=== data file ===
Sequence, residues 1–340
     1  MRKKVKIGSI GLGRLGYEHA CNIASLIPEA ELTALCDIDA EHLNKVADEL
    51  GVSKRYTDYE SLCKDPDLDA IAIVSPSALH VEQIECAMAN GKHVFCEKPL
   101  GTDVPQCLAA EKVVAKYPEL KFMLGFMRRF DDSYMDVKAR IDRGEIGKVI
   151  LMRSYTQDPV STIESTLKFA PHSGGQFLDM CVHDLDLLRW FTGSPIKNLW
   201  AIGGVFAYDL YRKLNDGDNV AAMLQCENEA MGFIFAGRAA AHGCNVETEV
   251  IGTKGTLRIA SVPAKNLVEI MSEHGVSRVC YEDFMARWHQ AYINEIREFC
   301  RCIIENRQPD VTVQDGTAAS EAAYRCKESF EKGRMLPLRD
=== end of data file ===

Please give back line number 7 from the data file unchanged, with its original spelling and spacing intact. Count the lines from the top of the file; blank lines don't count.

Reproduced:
   251  IGTKGTLRIA SVPAKNLVEI MSEHGVSRVC YEDFMARWHQ AYINEIREFC